Aslan’s high country

The past several years have been ones of accepting what is and moving on with my life.  I’m tired of fighting against what life has to offer.  Last fall when I was attempting to run for a meager two miles, I thought to myself, “You know what it is?  You know why I’m miserable running like this?  It’s because I’m tired of doing hard things alone.”

I get the feeling that the word “self-help” is kind of frowned upon in Christian language.  I understand.  It’s because when it comes to our salvation there was nothing we could do to help ourselves.  We were completely dependent on God to act on our behalf.

But living on earth, life has been an experience of realizing that nobody else is here to do my job for me or with me.  There are no other wives around here to be a wife with. There are no other mothers around here to be a mother with and teach my kids with.

I’m talking about “the daily grind”.  I’ve thought to myself, “Growing up, I was constantly surrounded by siblings and people.  We detassled together, walked to school together, rode the school bus together, survived and adapted through childhood together. ”

God is growing me up by myself.  Things like self-discipline, self-command, self-dependence are attributes I can no longer can fight or lack.  I am responsible for my own life and I am being forced to change for the better no matter how painful or lonely it is.

This, friends, is actually really good news.  We do not need to fear the changes God has for us.  We simply need to watch and be amazed at the ways His perfect will is working out in our lives.  His perfect will has always been the work of reconciling all of the world unto Himself, knowing only in Christ alone could we come to a knowledge of the Truth.

 

I am thine

New religions are popping up everywhere.  The religions I tend to pay the closest amount of attention to these days are the ones having to do with the ongoing cultural “battle of the sexes”.  I would also call it “human sexuality”, except the moderator of a Facebook group I used to be in had a strong dislike and even intellectual reasons against using the word “sexuality”.  I don’t remember what those reasons were, but ever since then I shy away from the word.  You’ve got to learn the language of the people you’re speaking with, and certain words notoriously lack concrete, easily definable meanings.  Masculinity.  Femininity.  The evolution of Feminism.  The rise of Red Pill Manosphere.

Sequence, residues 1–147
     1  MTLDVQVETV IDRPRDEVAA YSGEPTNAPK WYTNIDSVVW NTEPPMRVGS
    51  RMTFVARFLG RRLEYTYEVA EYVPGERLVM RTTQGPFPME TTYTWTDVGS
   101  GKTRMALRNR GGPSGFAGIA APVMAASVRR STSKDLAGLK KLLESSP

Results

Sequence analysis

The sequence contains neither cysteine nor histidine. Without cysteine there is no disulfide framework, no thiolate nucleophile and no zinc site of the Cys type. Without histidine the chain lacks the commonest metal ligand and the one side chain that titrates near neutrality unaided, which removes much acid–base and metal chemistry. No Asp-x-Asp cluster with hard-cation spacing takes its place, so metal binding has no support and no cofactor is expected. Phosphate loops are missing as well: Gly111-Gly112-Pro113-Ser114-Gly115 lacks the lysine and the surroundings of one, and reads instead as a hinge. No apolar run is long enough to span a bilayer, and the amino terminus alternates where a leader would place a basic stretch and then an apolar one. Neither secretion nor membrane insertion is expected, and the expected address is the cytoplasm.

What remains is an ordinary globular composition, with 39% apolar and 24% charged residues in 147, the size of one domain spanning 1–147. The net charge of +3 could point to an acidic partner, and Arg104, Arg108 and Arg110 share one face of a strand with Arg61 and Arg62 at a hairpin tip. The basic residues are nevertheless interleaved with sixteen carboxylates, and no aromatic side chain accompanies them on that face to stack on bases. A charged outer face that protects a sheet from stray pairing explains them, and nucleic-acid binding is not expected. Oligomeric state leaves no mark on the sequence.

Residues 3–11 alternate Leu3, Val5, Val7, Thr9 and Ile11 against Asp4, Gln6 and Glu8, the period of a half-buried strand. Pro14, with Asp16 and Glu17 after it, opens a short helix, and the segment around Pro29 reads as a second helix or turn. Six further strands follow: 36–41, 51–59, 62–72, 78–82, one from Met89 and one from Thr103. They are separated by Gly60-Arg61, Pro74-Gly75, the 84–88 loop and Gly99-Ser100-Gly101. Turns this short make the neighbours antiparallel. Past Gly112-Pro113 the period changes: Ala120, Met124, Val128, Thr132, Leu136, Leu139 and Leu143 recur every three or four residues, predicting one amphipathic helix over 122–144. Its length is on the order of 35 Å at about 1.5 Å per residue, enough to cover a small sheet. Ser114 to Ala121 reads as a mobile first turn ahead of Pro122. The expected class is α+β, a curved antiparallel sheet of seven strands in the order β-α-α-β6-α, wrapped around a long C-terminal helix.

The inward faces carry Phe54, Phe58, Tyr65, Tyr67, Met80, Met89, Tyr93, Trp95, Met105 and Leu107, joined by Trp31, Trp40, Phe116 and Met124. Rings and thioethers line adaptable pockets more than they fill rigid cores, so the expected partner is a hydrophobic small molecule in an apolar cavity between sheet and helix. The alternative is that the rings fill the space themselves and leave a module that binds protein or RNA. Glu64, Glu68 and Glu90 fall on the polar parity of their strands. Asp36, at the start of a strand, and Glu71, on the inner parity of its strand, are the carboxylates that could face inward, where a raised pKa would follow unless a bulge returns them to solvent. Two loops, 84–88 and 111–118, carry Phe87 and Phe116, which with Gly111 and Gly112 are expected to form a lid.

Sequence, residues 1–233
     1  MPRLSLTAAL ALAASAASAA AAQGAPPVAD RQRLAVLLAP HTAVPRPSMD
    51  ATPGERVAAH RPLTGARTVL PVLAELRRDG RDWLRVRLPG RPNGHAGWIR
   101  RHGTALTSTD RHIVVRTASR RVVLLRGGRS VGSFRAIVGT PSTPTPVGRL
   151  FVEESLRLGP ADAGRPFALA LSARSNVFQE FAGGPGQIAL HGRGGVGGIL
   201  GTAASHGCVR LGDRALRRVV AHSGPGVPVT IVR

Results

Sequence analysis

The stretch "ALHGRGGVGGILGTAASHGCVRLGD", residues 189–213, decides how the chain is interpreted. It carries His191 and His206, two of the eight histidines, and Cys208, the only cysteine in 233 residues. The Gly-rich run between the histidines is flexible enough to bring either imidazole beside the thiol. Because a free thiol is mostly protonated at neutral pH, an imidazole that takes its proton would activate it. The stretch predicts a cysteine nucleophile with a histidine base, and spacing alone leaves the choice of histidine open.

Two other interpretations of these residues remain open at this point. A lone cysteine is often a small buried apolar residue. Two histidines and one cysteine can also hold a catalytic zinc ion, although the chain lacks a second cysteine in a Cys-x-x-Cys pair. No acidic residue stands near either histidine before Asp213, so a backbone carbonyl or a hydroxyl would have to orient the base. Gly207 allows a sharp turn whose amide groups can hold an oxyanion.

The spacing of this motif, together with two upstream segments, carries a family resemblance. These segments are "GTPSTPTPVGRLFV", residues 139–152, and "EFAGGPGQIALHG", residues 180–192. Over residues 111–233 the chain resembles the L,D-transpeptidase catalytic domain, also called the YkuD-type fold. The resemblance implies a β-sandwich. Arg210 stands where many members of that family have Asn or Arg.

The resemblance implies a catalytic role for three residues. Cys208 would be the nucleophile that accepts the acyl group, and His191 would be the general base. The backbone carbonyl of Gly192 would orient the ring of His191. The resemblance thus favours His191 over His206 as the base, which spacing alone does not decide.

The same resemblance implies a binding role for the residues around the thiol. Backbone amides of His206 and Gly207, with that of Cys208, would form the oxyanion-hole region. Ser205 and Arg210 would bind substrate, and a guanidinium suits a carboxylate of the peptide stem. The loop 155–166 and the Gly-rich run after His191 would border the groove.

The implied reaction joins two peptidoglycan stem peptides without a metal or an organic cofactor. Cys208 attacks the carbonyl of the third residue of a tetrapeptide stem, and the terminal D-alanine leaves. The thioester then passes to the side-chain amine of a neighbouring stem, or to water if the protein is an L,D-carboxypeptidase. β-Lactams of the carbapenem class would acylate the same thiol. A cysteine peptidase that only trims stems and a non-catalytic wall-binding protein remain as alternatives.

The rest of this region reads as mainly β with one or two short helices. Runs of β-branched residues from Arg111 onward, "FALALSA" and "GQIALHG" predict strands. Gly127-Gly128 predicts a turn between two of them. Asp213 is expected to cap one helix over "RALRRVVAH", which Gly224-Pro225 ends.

I do not know where this special interest comes from.  I’ve heard the men who talk about these things say how they came into adulthood “fatherless”, in the sense that they grew up without masculine examples, particularly from their own father.  I’ve heard my dad say similar things, but by then, he would also say, that over time, he grew to possess a deep compassion for his father, knowing that his dad, too, suffered the same lack.

Is fatherlessness a cultural thing or does it go deeper into a human thing?  Separation from God has made us all fatherless.  We all are children missing a home.  The truths we must so painfully come to accept, the truths seeming so much in conflict with each other, is that fatherlessness is not our fault, and yet, our fatherlessness is completely our fault.
Christianity is the religion I claim.

Christian is the identity that shapes my life purpose.

Christ is the person who tells me who I am.

Christ is who tells me I am loved and forgiven.  He is the person who shows me the Father.  In Christ none of us are fatherless or motherless or illegitimate children missing a home.  The Christian identity I find most comforting, most exhilarating, most mind-blowing and freeing is the identity of “child”.  I am God’s child and He cares for me!!!

I speak as a woman. I do not want to be bitter and angry towards men, nor do I want men bitter and angry towards me. I want to live in a world where all men are my brothers and all women my sisters.  I want to live in a world, yes, where we are free to live fully male and fully female, but even more than that, where we are free to live as we are made to be as Christian lovers. There is no fear in love.  No distrust.  No betrayal.

The truest of wisdom is the wisdom that ages well.  By all means, let the men lift weights and the women wear lip gloss.  I like painting my nails and wearing headbands in my hair.  I like being a wife and I like being a mother.  There are limits that come with these roles, but they’re less like limits and more like the those two side-bumpers in the kids’ part of the bowling alley.  They keep me on my toes and keep the ball ever rolling toward the end of the lane where I’m guaranteed to knock down pins and even send some flying.